Illinois: The State Where You can Face 75 Years In Prison for Video Taping Police (Corruption) at Work

I guess that makes sense. We should probably put people in prison for 75 years for video taping police doing police work in public places, while we simultaneously turn rapists, murders, child molesters and thugs loose to torment the rest of us. Suurrree….

This is the brilliant reasoning and logic that has gotten our government to the point where it is today. People go to jail for annoying anyone in power, but as long as you’re only hurting random peons, it’s all good.

Does it cost a lot of taxpayer money unnecessarily? Sure. Is it inherently unfair? Sure. Does it cause social turmoil? Sure. But the really important thing is that us nobodies know our place like good peasants and surfs.

Well, at least we won’t inconvenience corrupt police officers. That’s the important thing. We don’t want to cause them any unnecessary stress when they are mercilessly beating a a man for not signing a traffic ticket or shooting family dogs and handcuffing diabetic children to tanks in a wrong door raid or conducting a roadside body cavity search. No… we should be the ones showing restraint. Not them, though. They should go right ahead with their wrong door raids and brutal attacks and fatal shootings of innocent people. We should do things exactly like they want done and never EVER question their authority. What a bunch of B.S.

How can you be charged with “wiretapping and eavesdropping” when someone is in public, anyway? Courts have ruled repeatedly that there is no perception of privacy while in public. Police cars have dash cams that record everyone all of the time, but they don’t go to jail for 75 years.

Incidentally, a man was recently charged with this trumped up B.S. because he was smart enough to figure out that the antique cars that Illinois officers were “impounding” were being illegally re-titled and sold for a profit by the officers. He recorded the officers stealing vehicles for profit and in Illinois that enough to get charged with a felony.

When are we going to take back control of this madness? We need to make rules that make sense and enforce them fairly!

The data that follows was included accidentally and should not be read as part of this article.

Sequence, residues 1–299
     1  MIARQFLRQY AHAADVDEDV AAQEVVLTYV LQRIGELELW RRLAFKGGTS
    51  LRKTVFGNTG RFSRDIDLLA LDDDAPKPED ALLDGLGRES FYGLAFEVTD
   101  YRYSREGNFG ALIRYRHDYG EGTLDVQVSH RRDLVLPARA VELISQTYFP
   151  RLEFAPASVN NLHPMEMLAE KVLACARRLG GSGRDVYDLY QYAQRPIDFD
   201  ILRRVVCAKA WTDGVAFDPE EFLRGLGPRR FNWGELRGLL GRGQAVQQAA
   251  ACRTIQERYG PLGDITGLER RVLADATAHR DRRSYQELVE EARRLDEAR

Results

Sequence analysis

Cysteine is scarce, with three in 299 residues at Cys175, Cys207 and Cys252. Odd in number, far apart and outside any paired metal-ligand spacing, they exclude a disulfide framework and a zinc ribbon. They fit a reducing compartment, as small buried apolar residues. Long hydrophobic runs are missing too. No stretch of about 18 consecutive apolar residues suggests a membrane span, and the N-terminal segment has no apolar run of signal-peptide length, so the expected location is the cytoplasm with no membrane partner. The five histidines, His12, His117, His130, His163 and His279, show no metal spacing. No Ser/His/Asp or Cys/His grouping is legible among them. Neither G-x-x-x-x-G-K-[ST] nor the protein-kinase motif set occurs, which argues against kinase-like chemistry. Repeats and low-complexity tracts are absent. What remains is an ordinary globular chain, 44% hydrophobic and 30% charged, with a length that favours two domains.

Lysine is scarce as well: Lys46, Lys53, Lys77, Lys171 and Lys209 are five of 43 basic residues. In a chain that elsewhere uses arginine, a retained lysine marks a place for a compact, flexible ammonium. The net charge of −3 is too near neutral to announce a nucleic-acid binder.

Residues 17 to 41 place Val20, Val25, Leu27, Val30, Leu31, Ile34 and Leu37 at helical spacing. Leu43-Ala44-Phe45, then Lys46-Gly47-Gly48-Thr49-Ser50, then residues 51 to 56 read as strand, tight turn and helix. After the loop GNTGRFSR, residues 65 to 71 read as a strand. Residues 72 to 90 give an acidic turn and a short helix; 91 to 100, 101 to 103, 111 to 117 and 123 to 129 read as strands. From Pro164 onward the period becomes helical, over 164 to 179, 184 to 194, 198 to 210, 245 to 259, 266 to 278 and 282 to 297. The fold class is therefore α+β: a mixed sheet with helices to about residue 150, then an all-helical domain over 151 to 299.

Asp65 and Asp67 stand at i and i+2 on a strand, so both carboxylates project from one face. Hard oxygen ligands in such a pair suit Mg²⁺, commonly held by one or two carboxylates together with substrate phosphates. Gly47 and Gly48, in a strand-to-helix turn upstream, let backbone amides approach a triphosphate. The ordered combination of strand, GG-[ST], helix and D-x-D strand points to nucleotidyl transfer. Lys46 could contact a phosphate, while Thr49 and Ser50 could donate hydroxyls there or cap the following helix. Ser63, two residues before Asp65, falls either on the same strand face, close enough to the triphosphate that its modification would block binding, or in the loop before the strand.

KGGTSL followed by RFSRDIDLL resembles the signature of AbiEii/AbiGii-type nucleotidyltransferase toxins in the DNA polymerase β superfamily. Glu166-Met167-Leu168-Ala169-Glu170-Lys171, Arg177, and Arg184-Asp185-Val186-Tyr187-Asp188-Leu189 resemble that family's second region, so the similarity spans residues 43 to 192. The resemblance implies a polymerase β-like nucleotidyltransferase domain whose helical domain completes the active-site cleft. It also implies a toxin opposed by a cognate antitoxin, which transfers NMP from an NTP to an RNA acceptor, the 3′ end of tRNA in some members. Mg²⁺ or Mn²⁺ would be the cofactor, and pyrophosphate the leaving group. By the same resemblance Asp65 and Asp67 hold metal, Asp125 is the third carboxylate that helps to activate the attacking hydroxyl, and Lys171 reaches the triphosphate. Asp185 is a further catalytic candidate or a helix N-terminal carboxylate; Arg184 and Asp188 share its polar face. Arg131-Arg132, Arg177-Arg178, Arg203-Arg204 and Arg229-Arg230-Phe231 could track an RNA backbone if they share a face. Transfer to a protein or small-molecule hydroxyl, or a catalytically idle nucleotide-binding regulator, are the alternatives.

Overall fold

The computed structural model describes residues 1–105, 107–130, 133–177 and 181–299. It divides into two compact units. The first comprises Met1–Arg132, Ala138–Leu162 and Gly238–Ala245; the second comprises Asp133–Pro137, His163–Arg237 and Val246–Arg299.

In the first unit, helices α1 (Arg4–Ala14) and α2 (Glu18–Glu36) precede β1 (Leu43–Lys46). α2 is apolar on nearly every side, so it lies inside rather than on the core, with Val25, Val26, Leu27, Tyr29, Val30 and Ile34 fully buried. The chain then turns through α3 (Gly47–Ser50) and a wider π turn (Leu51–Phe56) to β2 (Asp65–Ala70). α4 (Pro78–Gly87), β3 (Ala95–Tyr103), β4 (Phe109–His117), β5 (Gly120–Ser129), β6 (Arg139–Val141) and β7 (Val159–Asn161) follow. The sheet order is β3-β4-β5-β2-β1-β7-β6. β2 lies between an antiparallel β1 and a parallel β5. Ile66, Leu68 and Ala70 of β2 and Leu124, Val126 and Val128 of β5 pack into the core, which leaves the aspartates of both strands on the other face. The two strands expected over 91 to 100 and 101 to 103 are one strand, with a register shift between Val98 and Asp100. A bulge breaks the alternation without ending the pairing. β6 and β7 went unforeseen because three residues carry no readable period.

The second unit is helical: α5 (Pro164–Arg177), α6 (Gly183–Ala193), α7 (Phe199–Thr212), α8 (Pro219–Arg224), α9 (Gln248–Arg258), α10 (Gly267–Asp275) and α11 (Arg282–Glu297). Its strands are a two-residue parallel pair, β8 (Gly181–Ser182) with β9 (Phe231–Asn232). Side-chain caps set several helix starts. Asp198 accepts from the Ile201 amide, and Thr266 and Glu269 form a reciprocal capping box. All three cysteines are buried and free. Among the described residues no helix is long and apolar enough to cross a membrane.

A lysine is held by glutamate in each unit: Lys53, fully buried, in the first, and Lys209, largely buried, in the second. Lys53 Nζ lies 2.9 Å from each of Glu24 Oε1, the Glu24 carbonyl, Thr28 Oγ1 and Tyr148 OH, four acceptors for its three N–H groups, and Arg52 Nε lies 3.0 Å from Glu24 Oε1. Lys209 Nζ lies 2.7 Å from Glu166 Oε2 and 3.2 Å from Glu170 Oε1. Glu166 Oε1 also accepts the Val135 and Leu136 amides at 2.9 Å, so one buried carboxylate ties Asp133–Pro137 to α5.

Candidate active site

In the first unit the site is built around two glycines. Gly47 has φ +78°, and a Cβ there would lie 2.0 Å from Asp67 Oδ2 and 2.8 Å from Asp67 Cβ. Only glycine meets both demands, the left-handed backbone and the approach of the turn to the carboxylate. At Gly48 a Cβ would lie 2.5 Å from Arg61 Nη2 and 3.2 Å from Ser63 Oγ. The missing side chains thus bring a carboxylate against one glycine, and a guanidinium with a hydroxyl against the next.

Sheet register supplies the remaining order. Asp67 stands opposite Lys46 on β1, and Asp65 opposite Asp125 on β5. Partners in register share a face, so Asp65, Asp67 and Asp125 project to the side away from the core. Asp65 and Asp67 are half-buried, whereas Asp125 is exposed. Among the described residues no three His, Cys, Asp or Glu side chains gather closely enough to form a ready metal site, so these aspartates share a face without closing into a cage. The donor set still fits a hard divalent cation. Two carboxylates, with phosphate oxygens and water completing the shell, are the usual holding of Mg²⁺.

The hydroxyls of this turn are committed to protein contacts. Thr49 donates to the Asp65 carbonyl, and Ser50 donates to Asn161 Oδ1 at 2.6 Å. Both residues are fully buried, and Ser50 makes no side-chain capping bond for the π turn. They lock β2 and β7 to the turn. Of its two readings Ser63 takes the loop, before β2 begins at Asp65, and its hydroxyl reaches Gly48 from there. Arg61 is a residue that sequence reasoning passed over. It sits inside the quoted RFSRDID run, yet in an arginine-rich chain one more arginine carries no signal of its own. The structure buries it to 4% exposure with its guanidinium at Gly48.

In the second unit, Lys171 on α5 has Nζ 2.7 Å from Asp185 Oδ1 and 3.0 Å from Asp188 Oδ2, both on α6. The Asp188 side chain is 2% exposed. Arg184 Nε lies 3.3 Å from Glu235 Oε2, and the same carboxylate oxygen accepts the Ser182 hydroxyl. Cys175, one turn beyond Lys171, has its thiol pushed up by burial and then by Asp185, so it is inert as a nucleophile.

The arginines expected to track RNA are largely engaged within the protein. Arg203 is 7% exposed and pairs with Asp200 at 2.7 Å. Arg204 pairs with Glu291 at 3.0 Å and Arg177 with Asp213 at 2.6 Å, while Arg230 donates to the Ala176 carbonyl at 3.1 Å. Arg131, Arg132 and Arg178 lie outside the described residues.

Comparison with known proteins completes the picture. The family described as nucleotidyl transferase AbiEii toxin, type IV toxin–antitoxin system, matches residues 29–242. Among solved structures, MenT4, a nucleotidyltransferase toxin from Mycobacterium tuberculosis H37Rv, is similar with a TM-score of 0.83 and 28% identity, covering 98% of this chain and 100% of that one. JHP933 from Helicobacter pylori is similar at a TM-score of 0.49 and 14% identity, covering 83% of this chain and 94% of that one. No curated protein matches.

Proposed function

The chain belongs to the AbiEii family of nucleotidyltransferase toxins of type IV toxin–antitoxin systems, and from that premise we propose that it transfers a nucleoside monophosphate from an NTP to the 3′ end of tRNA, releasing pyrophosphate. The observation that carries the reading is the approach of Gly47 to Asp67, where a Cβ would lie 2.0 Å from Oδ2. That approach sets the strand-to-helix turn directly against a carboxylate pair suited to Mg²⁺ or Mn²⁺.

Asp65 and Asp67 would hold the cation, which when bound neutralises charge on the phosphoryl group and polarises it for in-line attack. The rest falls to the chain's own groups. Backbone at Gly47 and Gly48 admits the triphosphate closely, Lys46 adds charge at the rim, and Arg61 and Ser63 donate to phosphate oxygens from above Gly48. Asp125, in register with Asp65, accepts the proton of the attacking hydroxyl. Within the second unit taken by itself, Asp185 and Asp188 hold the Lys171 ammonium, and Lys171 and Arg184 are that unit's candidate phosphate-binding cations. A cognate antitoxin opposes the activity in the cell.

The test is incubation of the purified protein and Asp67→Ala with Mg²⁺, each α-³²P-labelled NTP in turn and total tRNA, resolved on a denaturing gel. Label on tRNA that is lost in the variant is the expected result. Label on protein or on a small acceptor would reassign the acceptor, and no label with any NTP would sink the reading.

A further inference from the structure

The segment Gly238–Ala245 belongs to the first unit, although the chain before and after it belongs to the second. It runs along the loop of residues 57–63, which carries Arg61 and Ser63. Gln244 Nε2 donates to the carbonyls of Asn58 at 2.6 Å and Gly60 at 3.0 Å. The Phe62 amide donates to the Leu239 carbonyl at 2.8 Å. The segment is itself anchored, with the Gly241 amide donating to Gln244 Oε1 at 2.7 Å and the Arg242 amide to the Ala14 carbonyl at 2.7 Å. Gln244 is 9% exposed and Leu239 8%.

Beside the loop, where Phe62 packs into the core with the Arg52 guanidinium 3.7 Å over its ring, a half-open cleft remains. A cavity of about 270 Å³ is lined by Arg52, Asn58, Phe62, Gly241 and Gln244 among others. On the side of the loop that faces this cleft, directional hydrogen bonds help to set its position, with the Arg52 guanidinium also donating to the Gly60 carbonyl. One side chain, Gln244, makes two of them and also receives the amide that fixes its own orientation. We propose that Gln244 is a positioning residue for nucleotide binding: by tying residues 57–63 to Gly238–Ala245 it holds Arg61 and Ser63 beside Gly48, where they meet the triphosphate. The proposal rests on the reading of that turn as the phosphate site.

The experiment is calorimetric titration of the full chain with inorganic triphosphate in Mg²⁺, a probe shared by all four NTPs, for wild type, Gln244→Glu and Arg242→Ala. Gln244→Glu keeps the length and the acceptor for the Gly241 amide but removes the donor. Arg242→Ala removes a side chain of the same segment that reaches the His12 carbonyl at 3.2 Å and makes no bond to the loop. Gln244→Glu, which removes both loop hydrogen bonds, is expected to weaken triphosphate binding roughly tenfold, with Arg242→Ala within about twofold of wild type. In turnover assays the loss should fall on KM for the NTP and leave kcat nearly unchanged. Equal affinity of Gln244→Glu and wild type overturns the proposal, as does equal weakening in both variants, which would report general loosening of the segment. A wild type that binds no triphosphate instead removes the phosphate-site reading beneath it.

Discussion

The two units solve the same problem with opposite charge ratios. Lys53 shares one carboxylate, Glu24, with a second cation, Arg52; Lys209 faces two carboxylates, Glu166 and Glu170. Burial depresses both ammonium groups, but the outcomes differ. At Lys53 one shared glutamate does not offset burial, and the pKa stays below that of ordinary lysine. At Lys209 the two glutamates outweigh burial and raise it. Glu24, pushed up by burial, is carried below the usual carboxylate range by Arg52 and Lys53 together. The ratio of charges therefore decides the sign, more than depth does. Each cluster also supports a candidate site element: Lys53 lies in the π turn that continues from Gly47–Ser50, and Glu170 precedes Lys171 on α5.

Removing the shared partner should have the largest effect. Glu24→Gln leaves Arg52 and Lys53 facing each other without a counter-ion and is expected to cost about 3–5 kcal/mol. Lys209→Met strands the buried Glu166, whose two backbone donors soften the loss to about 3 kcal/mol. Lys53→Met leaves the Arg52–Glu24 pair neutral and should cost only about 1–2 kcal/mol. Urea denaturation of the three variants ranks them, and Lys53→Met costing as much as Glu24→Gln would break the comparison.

Illinois: The State Where You can Face 75 Years In Prison for Video Taping Police at Work

Michael Allison faces 75 years in prison for five counts of recording law enforcement officials without their consent in Robinson, Illinois.

Illinois is one of the states applying old eavesdropping and wiretapping statutes to new technologies like cell phones or anything else that records audio.

Most states allow citizens to record audio in public of on-duty law enforcement officials without their permission. But that’s considered a felony in Illinois, punishable by up to 15 years in prison for each offense.


2 Responses to Illinois: The State Where You can Face 75 Years In Prison for Video Taping Police (Corruption) at Work

  1. Patrick says:

    That’s horrific. If this man is found guilty, we need to protest and this man needs to take it all the way to the Supreme Court if need be.

    • Kristen Watts says:

      I totally agree. I believe he probably will have charges reduced or something, but I guess there’s a chance that the charges won’t be dropped. I think we need to all stand up to the legislators in IL and put them in their place. Of course it shouldn’t be illegal to video tape police. Out in public, you can video tape anyone… but in IL it’s not only illegal but gets up to 15 years prison per count?!? Ridiculous!

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